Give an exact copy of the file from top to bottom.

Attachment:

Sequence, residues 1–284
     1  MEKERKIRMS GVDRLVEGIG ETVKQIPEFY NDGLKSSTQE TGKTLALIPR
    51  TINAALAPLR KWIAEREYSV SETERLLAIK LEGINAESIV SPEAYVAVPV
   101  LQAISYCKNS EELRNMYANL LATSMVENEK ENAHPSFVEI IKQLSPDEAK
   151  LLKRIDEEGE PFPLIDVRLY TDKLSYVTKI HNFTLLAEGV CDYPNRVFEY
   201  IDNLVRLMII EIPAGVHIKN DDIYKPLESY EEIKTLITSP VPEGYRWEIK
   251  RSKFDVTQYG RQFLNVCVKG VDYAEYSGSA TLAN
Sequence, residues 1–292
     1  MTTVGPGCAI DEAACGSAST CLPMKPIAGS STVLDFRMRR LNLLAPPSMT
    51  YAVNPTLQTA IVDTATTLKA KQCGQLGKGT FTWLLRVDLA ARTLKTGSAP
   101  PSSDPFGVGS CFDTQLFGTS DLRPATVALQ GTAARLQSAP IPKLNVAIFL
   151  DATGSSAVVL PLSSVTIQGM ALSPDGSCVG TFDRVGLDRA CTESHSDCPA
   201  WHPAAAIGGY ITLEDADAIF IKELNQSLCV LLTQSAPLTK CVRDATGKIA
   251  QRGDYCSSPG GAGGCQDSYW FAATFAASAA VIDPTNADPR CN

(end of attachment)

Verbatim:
Sequence, residues 1–284
     1  MEKERKIRMS GVDRLVEGIG ETVKQIPEFY NDGLKSSTQE TGKTLALIPR
    51  TINAALAPLR KWIAEREYSV SETERLLAIK LEGINAESIV SPEAYVAVPV
   101  LQAISYCKNS EELRNMYANL LATSMVENEK ENAHPSFVEI IKQLSPDEAK
   151  LLKRIDEEGE PFPLIDVRLY TDKLSYVTKI HNFTLLAEGV CDYPNRVFEY
   201  IDNLVRLMII EIPAGVHIKN DDIYKPLESY EEIKTLITSP VPEGYRWEIK
   251  RSKFDVTQYG RQFLNVCVKG VDYAEYSGSA TLAN
Sequence, residues 1–292
     1  MTTVGPGCAI DEAACGSAST CLPMKPIAGS STVLDFRMRR LNLLAPPSMT
    51  YAVNPTLQTA IVDTATTLKA KQCGQLGKGT FTWLLRVDLA ARTLKTGSAP
   101  PSSDPFGVGS CFDTQLFGTS DLRPATVALQ GTAARLQSAP IPKLNVAIFL
   151  DATGSSAVVL PLSSVTIQGM ALSPDGSCVG TFDRVGLDRA CTESHSDCPA
   201  WHPAAAIGGY ITLEDADAIF IKELNQSLCV LLTQSAPLTK CVRDATGKIA
   251  QRGDYCSSPG GAGGCQDSYW FAATFAASAA VIDPTNADPR CN